Imagine a colleague asks you the following question: Are you being paid a fair market rate?

Would you answer with a resounding yes, an emphatic no, or somewhere in between?

Most job seekers frankly have no idea. They’re looking for such information as they research opportunities and entertain offers. Leaning on publicly available, experientially based data to anchor their research. 

This is certainly better than doing nothing and just ballparking it. But when you study the traditional public records such as Glassdoor or Salary, you’re basically looking back in time. The labor market changes fast, as we saw during the pandemic. Data like that is only calculated once or twice a year, and is outdated as soon as it’s published. 

Few candidates (as well as employees) have an accurate grasp about what they are truly able to command in the job market. It’s difficult and time consuming for the average person to gauge salary expectations, equity packages and other aspects of total compensation. Particularly when it comes to startups.

The Pave Data Lab runs the largest real time compensation benchmark data set for venture backed technology companies. If you are currently doing due diligence on your own fair market value, either in your job search or as you grow in your current role, consider these benchmarks:

If you’re a designer with top seniority, your expected salary should be 222k

If you’re a software engineer moving from Boston to NYC, that’s a $24k increase

If you’re applying to jobs with “head of” in the title, it’s actually similar to director level

If you’re applying to a company of 100+, expect around 36% of female employees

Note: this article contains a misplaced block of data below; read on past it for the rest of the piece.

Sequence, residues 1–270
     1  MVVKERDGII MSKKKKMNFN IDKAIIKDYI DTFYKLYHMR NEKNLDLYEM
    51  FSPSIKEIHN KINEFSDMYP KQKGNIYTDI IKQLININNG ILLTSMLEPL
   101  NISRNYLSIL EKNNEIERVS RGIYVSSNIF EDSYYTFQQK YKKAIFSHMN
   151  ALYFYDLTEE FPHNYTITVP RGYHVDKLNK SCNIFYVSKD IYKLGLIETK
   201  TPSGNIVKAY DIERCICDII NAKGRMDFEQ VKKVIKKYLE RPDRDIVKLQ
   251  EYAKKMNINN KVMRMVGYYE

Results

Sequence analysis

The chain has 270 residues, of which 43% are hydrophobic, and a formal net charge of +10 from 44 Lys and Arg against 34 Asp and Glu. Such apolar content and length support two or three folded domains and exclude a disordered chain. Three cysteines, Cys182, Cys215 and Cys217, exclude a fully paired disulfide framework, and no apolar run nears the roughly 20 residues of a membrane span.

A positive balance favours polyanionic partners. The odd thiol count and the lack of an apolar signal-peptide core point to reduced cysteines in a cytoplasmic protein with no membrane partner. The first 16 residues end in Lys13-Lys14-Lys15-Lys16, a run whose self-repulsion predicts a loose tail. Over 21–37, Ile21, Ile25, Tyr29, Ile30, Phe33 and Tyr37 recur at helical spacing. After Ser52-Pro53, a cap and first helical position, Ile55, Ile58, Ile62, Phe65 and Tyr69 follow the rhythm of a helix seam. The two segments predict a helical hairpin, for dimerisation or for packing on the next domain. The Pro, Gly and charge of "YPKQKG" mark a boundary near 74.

If any of the above data points are different compared to what you thought was your going market rate, you’re not alone. Fair pay perceptions don’t always reflect fair pay realities.

Next time you sit down with your boss, hiring manager or a recruiter to talk about salary expectations, you might bring up discussion points like:

  • Where are you sourcing your salary data? How recent is it?
  • What is this company’s infrastructure of leveling?
  • How do my salary bands compare, percentile wise, to similar companies?

If you want to increase your likelihood of fair pay in the future, arm yourself with the above resources to show employers and potential employers that you’re someone who advocates for their marketplace value.

The Communication Problem

Have you ever worked at a company where compensation was not spoken about besides the offer letter? Perhaps once or twice a year during merit cycle season? 

Talk about unfair pay. It’s astounding how much asymmetry there is between employees and leadership when it comes to compensation.